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McAfee isn't just antivirus anymore

The fast-growing company has expanded beyond its antivirus software niche and is finding success as a Net security and network management software vendor.

    Four years after chief executive William Larson decided McAfee Associates (MCAF) should break out of its antivirus software niche, the fast-growing company is finding some success as an Internet security and network management software vendor.

    In a preliminary earnings report this week, McAfee beat Wall Street estimates by a penny per share. Then it largely won in a series of court rulings in its nasty legal dust-up with rival Symantec.

    Part of McAfee's success stems from its revenue model, which one Wall Street researcher calls "an Internet model before the Internet model was cool."

    "The Internet has fundamentally changed the business model for the software industry," Larson said. "We are the most Internet-centric of the Internet companies."

    McAfee gives its software away for free over the Net, but then charges corporations a two-year subscription fee with the promise of technical support. The giveaway, Larson admits, is largely a marketing ploy: corporate MIS departments want tech support and will pay for it, so one employee's free download might turn into a two-year subscription sale for hundreds of seats.

    "Antivirus software exploded because of the Net," said Larson, who acknowledges that luck has played a part in McAfee's astounding growth rate, from $20 million in annual sales four years ago to a run rate of $350 million in its latest quarter.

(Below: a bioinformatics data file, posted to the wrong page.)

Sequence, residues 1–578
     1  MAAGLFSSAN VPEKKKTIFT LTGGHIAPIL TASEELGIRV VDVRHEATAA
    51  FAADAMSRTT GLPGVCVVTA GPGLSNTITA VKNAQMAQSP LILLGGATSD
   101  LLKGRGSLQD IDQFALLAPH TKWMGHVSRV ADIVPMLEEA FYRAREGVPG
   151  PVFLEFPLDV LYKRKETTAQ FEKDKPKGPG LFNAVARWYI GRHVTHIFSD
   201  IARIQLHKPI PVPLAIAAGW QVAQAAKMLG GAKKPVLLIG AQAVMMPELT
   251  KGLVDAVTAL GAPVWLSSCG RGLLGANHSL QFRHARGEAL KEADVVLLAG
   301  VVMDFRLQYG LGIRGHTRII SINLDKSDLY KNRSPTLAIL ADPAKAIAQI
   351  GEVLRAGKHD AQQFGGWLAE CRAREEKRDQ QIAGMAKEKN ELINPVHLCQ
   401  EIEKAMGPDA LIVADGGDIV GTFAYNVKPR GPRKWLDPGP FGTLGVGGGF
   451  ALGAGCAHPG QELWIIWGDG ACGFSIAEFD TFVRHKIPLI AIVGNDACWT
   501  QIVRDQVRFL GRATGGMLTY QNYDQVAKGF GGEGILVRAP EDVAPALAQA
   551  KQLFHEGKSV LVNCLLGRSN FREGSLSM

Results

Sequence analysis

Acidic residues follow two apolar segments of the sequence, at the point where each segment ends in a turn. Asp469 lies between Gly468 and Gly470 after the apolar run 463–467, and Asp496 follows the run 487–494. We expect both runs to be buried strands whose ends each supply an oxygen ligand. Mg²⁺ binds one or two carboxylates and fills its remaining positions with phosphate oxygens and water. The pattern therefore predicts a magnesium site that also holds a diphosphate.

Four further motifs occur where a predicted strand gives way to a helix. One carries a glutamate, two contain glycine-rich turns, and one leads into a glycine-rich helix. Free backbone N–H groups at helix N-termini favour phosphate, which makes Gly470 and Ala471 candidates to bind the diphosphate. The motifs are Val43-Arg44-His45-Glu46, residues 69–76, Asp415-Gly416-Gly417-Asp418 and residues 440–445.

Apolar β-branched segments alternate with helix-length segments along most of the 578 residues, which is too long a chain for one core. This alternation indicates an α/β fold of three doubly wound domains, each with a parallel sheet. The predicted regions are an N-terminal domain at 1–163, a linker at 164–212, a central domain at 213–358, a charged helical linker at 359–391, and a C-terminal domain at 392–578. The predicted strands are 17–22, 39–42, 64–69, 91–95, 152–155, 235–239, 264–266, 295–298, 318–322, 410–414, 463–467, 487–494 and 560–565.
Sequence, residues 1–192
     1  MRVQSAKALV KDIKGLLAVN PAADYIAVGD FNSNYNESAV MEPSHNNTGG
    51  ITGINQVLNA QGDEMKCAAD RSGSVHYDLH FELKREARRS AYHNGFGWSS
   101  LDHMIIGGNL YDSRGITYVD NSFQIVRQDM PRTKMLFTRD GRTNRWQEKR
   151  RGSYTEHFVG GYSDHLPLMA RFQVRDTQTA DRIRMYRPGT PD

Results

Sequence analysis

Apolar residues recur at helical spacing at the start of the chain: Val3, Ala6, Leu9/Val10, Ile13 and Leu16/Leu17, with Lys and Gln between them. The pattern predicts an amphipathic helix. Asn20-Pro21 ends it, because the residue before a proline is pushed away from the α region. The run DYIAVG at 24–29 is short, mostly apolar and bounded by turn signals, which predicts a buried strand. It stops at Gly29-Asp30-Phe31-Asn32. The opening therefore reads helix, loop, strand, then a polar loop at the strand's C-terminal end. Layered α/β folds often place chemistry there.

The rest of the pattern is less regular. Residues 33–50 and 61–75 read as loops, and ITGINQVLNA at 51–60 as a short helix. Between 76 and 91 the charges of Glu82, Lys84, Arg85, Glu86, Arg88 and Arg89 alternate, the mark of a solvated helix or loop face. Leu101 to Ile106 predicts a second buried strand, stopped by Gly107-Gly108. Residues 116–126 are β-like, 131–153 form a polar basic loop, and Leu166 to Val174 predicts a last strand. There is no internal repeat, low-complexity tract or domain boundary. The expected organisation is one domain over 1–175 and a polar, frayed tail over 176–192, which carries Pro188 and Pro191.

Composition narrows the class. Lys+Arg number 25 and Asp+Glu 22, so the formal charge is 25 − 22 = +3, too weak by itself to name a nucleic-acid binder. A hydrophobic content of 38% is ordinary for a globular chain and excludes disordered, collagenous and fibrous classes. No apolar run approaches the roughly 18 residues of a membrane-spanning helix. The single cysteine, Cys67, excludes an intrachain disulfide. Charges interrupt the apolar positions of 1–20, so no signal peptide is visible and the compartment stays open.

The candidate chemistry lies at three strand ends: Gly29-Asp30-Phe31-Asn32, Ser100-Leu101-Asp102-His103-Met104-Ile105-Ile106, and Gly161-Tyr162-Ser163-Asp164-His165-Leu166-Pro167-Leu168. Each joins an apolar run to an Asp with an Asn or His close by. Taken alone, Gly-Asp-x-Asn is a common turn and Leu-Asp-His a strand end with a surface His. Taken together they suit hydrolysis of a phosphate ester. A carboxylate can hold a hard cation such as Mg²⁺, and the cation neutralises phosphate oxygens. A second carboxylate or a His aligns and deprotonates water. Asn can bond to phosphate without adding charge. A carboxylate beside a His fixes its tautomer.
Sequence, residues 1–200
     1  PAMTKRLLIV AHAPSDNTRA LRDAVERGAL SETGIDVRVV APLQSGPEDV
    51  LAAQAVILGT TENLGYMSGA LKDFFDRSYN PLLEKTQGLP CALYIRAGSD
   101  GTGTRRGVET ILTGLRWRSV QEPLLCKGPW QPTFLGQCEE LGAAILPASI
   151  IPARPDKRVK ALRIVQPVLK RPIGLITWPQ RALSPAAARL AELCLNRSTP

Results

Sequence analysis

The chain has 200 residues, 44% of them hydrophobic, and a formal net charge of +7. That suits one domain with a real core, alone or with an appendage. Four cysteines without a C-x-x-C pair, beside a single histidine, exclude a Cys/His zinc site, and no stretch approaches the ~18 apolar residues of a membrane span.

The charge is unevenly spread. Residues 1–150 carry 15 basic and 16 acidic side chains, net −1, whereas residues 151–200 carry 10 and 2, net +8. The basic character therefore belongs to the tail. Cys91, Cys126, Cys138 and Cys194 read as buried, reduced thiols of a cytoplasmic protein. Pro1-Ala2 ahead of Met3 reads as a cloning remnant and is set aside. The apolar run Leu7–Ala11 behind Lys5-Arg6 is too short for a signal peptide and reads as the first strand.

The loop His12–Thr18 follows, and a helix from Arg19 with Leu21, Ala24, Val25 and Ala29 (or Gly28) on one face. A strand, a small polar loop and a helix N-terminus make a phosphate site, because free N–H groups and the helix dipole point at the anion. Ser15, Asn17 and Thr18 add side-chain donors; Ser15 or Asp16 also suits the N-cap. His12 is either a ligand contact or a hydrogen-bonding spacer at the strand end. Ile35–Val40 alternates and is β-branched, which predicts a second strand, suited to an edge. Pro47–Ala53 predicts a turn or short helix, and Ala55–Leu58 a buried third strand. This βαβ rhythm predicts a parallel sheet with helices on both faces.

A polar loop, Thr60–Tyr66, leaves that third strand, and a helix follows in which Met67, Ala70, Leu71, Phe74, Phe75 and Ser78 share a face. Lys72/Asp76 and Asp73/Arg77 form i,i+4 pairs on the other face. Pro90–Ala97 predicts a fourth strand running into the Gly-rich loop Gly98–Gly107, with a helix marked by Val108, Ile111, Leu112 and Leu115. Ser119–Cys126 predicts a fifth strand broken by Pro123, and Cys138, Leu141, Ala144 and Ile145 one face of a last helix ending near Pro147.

"Our Web site is the third most popular of any software company [after Netscape and Microsoft]," he said. "We get 8 million software downloads per quarter."

    Although the Net produced both a profusion of computer viruses (15,000 known today) and heightened interest in antivirus software, McAfee has used good old-fashioned salesmanship to build its businesses in security and network management.

    "Our growth is spurred by cross-selling and up-selling," said Larson, a self-described sales guy who came to McAfee from Sun Microsystems. McAfee has "200 quota-bearing sales reps" plus a network of value added resellers (VARs).

    Larson thinks McAfee's effort to play with the big guys in security and network management will pay off. "There's lots of evidence that markets will consolidate around the most popular application," he said. That application, he believes, is antivirus software

    McAfee, however, isn't even the biggest antivirus software company. Symantec remains the top antivirus vendor, and the two companies are locked in an acrimonious dispute in the courts as well as the marketplace.

    Symantec has accused McAfee of stealing its software code and putting it in McAfee products, and both sides claimed victory in a judge's split decision in the case this week. In the general nastiness of the fight, McAfee has filed a $1 billion defamation suit against Symantec over public statements regarding the case, even though Symantec issued a public apology in August.